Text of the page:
Press tour: ‘Constantine’ hires Angelica Celaya to replace Lucy Griffiths

TV pilot production is an inexact science. Certain characters or ideas don't quite click, so you change them, or you abandon them, and then you move on. In these days of leaner budgets, though, it's trickier to deal with the changes as thoroughly as might be ideal, which is why much of NBC's press tour session for “Constantine” was devoted to a character who now won't be in the show past the pilot.

In the original version of the pilot – based on the John Constantine character from DC Comics, here played by Matt Ryan as an exorcist and “dabbler in the dark arts” – Constantine befriends Liv Aberdine, played by Lucy Griffiths, the daughter of a friend of his, and someone with her own undiscovered connection to the world of the occult. The pilot takes Lucy on an emotional journey from skeptical, to fearful, to believing devoutly in the war against evil that John is fighting, and therefore to being his new protege.

After the pilot was shot, though, producers Daniel Cerone and David Goyer (the latter a producer and/or co-screenwriter on all of the recent Batman and Superman films) recognized that Liv, whom they had created themselves, was, as Cerone put it, “Always going to be reactive.”

“We felt a bit hamstrung by her, frankly,” he admitted.

So one of the pilot's closing scenes will be reshot to explain why Liv is no longer joining John on his supernatural road trip, and in later episodes, the show will introduce Zed, a psychic from the comics who will be played by telenovela star  Angélica Celaya (pictured above).

“She's just someone who can go toe to toe with John,” Cerone explained. “We needed a more dynamic relationship rather than someone who was always a teacher and someone a student.”

All of which is fine and good, and Griffiths is easily the weakest link in the “Constantine” pilot, which otherwise does the best that it can(*) to be a more faithful adaptation of the long-running(**) character than the Keanu Reeves movie of the same name. (As Goyer puts it, “We were determined to make John British and blonde and have some scruff,” and they even dyed Ryan's hair accordingly.)

(*) One area in which the adaptation butts up against the realities of network TV: comic book Constantine is a chain smoker, and one of his most acclaimed stories ever (the Garth Ennis-penned “Dangerous Habits” arc of the “Hellblazer” comic) involves him contracting terminal lung cancer, but NBC can't let them show him smoking on-camera. So in one scene in the pilot, we see him stubbing out a cigarette at a bar, but that's it. The producers said that their Constantine is a smoker, but that they won't be “glorifying it” – i.e., showing it at all.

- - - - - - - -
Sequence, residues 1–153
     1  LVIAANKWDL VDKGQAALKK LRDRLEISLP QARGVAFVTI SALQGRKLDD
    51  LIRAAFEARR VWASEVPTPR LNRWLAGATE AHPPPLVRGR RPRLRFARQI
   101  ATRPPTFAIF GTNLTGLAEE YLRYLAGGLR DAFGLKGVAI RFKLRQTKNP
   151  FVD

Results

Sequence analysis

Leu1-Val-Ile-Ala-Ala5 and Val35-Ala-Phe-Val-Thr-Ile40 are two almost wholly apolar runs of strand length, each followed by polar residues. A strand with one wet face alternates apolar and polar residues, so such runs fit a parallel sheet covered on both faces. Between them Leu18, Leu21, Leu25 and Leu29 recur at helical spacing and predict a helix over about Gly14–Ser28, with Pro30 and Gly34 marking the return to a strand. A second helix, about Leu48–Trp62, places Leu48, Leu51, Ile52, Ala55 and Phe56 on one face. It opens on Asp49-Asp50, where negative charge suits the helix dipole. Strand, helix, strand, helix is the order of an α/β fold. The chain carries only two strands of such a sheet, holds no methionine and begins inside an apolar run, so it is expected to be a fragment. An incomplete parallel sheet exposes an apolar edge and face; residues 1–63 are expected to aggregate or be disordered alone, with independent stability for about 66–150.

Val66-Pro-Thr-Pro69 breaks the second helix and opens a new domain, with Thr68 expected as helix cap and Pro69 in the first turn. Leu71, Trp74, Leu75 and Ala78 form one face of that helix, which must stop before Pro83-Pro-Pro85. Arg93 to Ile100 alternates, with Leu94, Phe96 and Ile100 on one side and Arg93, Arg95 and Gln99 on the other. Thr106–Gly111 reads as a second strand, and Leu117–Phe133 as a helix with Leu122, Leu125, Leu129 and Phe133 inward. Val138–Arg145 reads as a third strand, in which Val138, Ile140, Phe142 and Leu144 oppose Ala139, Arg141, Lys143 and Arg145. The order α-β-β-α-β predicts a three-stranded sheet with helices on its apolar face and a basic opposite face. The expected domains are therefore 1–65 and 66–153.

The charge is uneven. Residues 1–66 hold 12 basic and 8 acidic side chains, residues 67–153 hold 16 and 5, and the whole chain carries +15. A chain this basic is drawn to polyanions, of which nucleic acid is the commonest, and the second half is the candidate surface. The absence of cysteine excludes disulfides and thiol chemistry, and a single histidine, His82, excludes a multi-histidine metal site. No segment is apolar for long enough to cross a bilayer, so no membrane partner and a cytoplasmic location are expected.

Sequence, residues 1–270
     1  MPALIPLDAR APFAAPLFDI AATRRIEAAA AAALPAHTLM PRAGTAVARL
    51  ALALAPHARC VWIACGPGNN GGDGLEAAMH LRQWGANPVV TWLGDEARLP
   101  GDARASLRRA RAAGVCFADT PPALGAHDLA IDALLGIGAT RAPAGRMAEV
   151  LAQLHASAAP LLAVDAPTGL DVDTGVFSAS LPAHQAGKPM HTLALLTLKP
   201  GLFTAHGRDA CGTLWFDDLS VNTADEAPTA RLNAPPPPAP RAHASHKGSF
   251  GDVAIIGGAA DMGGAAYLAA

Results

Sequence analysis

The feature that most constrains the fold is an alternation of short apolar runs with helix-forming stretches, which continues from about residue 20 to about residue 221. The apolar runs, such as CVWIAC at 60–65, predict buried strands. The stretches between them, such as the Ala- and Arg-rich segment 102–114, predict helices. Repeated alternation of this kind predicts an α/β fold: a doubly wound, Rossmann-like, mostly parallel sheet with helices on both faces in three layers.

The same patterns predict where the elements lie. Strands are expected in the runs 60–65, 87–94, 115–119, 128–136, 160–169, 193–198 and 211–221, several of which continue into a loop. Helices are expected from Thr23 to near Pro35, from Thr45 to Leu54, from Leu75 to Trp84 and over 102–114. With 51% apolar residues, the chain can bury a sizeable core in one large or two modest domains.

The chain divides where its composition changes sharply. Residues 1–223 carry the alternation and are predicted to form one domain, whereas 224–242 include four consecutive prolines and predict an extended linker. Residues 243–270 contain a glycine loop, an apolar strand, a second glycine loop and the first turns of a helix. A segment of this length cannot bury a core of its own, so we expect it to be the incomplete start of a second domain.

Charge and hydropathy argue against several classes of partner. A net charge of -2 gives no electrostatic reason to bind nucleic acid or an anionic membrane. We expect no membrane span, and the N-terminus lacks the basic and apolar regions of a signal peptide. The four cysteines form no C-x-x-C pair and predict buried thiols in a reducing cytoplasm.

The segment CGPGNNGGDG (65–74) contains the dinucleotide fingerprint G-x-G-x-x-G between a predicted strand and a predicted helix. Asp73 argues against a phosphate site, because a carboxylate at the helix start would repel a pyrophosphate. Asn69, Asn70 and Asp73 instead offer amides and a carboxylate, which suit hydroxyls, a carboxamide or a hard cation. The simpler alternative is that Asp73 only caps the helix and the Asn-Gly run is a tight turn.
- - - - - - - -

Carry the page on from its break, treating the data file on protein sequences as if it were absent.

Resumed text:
(**) As a teenager, Goyer actually had a letter published in one of Constantine's earliest appearances in Alan Moore's run on “Saga of the Swamp Thing.” It was during a period when Constantine was trying to help Swamp Thing fight a rising tide of darkness and evil, and the letter was theorizing what might be behind it. “Ironically,” he said, “that's our first season arc.”

But the pilot is built entirely around the developing relationship between John and Liv, and her role in whatever war is to come between Heaven and Hell. If people like the pilot, part of the reason will likely be that relationship, and now the show is just changing course abruptly. So why not reshoot it?

“We decided we didn't need to,” said Goyer, denying that it was a budgetary issue, even though recent pilots have been plagued by this very issue. (See also “New Girl” being unable to reshoot Damon Wayans Jr's scenes in its pilot with Lamorne Morris, creating problems for several seasons to come.) “One of the hallmarks of John is his friends drop like flies.”

If fans of the comics, and/or of supernatural dramas like, well, “Supernatural,” embrace “Constantine” in the long run, then Griffiths' briefer-than-planned stint won't be any more of a blot on its legacy than Moira Kelly's short time on “The West Wing,” or Glenn Quinn's on “Angel.”

But the panel was at least an interesting window into the very imprecise art of making and selling a pilot and then figuring out how it works as an ongoing series.